Delaware Bankruptcy Insider:
Be In The Know

About This Blog

The Delaware Bankruptcy Insider is a premier blog designed to bring its readers a comprehensive analysis of the latest Delaware corporate bankruptcy news and rulings.  Brought to you by Ashby & Geddes, P.A.

Get Updates By Email


Judges and Courts

View All
View less

Recent Posts


For more information

Ricardo Palacio, Esq.
(302) 504-3718

Gregory A. Taylor, Esq.
(302) 504-3710

Ashby & Geddes, P.A.
500 Delaware Avenue
P.O. Box 1150
Wilmington, Delaware 19899-1150
(302) 654-1888               

On the Eve of the EFH Confirmation Hearing, Bankruptcy Court Issues Opinion on Unsecured Noteholders’ Entitlement to Post-Petition Interest

In re Energy Future Holdings Corp., No. 14-10979, 2015 WL 6660787 (Bankr. D. Del. Oct. 30, 2015)

On the eve of the multi-week confirmation hearing scheduled in the chapter 11 cases of Energy Future Holdings Corp., Judge Sontchi of Delaware’s Bankruptcy Court issued several significant decisions, one of which—analyzed here—rules on whether unsecured creditors are entitled to receive post-petition interest on their claims under four sections of the Bankruptcy Code—section 502(b)(2), section 1129(a)(7) (“Best Interests Test”), section 1129(b) (“Cramdown”), and section 1124(1) (“Unimpairment”).*  First, as a threshold matter, the Court held that an allowable portion of an unsecured claim cannot include post-petition interest under the plain language of section 502(b)(2).  Second, the Court analyzed whether payment of post-petition interest on an allowed unsecured claim is required for a chapter 11 debtor to confirm a plan of reorganization and, if so, at what rate.  In sum, the Court held that:  (1) to satisfy the Best Interests Test, an unsecured creditor must receive post-petition interest at the Federal judgment rate only if it would be entitled to such a distribution in a hypothetical chapter 7 liquidation; (2) to properly Cramdown an unsecured rejecting class, the plain language of section 1129(b)(2) does not require the payment of post-petition interest but a court may award such payment if equitable, at either the contract rate or such other appropriate rate; and finally (3) Unimpairment may occur without the payment in cash of post-petition interest at the contract rate but such determination must be made by a court on the facts of the case and pursuant to the court’s equitable power.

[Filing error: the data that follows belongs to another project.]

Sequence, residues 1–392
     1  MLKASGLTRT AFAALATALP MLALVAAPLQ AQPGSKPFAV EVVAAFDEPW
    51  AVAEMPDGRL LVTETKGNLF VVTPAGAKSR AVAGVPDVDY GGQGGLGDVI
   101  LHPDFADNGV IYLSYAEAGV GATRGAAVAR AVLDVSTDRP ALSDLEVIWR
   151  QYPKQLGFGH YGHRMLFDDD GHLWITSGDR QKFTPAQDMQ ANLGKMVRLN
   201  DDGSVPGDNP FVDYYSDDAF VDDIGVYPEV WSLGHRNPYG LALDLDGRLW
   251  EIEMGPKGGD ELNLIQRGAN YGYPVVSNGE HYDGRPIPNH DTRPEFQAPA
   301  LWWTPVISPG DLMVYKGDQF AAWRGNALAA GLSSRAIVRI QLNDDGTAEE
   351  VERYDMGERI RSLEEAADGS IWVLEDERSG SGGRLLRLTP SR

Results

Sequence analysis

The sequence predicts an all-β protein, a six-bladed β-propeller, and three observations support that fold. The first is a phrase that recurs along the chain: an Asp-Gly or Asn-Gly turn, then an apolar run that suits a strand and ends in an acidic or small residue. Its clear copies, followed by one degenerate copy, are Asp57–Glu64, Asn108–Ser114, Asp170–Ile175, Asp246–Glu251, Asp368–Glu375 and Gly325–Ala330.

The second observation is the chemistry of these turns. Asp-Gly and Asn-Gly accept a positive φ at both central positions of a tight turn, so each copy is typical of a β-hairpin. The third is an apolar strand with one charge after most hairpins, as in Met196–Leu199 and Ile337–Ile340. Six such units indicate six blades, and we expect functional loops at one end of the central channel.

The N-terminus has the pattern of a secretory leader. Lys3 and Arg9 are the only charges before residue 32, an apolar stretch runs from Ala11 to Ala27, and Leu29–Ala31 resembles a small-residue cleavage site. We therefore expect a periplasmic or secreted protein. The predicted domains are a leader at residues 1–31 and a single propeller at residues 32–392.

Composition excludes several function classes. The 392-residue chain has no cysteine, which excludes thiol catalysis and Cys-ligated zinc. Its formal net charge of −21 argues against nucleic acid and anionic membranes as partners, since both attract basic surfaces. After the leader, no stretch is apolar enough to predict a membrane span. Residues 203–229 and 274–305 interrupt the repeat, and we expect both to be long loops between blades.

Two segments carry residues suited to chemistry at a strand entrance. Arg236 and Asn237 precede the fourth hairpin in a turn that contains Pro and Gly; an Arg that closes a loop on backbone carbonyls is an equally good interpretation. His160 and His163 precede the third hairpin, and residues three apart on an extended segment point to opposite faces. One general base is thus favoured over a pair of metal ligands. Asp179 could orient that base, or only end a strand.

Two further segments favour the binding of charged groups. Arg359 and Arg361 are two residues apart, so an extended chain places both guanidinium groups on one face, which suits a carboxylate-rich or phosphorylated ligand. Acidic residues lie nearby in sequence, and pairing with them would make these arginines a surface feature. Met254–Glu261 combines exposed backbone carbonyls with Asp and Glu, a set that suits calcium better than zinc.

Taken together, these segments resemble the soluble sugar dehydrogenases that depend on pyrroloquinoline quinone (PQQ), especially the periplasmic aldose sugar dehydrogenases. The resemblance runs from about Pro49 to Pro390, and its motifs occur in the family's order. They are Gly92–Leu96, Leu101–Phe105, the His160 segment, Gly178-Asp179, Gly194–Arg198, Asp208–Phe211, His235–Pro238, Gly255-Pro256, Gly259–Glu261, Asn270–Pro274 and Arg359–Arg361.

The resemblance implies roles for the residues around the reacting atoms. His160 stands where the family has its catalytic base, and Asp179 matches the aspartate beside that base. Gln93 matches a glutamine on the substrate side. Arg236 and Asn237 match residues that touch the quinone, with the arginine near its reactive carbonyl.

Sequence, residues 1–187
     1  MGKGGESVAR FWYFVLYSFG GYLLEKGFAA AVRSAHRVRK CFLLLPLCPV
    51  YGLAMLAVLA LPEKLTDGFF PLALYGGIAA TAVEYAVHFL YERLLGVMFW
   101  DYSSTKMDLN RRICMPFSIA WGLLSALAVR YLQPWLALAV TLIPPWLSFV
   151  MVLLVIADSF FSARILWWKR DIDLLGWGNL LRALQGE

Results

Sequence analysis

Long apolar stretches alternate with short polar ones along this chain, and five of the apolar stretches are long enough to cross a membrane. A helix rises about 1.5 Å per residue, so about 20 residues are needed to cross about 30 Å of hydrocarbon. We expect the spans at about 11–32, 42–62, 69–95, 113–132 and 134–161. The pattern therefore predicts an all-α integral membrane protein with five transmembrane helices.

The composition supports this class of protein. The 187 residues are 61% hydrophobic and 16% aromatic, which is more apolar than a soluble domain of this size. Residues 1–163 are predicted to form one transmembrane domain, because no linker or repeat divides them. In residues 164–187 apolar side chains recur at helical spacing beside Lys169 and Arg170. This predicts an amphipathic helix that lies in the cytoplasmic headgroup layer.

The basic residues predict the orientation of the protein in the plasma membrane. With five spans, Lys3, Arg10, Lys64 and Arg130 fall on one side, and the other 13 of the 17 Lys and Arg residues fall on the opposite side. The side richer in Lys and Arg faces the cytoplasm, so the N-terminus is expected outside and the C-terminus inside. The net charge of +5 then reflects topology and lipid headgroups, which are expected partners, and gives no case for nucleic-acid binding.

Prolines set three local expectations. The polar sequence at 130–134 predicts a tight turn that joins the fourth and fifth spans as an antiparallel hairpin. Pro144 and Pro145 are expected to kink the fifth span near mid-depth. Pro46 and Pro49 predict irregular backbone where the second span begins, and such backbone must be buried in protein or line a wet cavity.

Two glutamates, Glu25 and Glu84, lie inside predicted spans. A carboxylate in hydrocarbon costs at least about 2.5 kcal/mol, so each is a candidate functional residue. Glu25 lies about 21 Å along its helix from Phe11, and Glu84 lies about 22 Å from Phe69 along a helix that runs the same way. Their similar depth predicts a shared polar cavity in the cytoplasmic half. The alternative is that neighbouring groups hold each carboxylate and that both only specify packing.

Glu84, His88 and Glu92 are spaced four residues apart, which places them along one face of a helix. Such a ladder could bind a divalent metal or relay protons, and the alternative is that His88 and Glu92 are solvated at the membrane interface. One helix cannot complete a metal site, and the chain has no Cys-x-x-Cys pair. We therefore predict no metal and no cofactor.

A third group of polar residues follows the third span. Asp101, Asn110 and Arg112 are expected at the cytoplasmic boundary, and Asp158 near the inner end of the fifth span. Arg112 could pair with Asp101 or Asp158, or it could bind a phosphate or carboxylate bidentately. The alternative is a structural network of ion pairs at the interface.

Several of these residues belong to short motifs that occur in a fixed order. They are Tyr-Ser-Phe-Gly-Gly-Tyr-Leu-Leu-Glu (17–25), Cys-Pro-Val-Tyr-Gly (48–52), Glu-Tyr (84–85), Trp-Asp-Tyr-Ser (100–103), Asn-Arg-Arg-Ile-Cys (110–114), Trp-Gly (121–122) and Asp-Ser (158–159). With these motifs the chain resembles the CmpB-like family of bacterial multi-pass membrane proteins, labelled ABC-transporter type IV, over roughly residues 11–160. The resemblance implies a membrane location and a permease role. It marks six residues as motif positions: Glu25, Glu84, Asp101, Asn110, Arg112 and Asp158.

In the instant case, UMB Bank, N.A. (“UMB”), as the indenture trustee for certain payment-in-kind notes (the “PIK Notes” and for such holders, “PIK Noteholders”), filed an unsecured claim (the “PIK Claim”) asserting $1.57 billion in principal plus interest and fees, including, among other things, post-petition interest at the contract rate.  The Debtors filed a partial objection relating to UMB’s claim for post-petition interest.  As noted above, the Court held that the allowable portion of the PIK Claim could not include post-petition interest under the plain language of section 502(b)(2) (excluding allowed claims for “unmatured interest”).  It may only include principal and accrued fees and interest due as of the petition date.  But that was only “the beginning of the [Court’s] analysis” as “there is a distinction between the payment of interest on an allowed claim as opposed to as an allowed claim.”  Op. at *3 (emphasis in original).  While section 502(b)(2) governs the calculation of an allowed claim, sections 1124 and 1129 of the Bankruptcy Code govern what a creditor must receive on account of its allowed claim for a plan to be confirmed.  The Court analyzed those provisions in the context of post-petition interest and came to the following conclusions.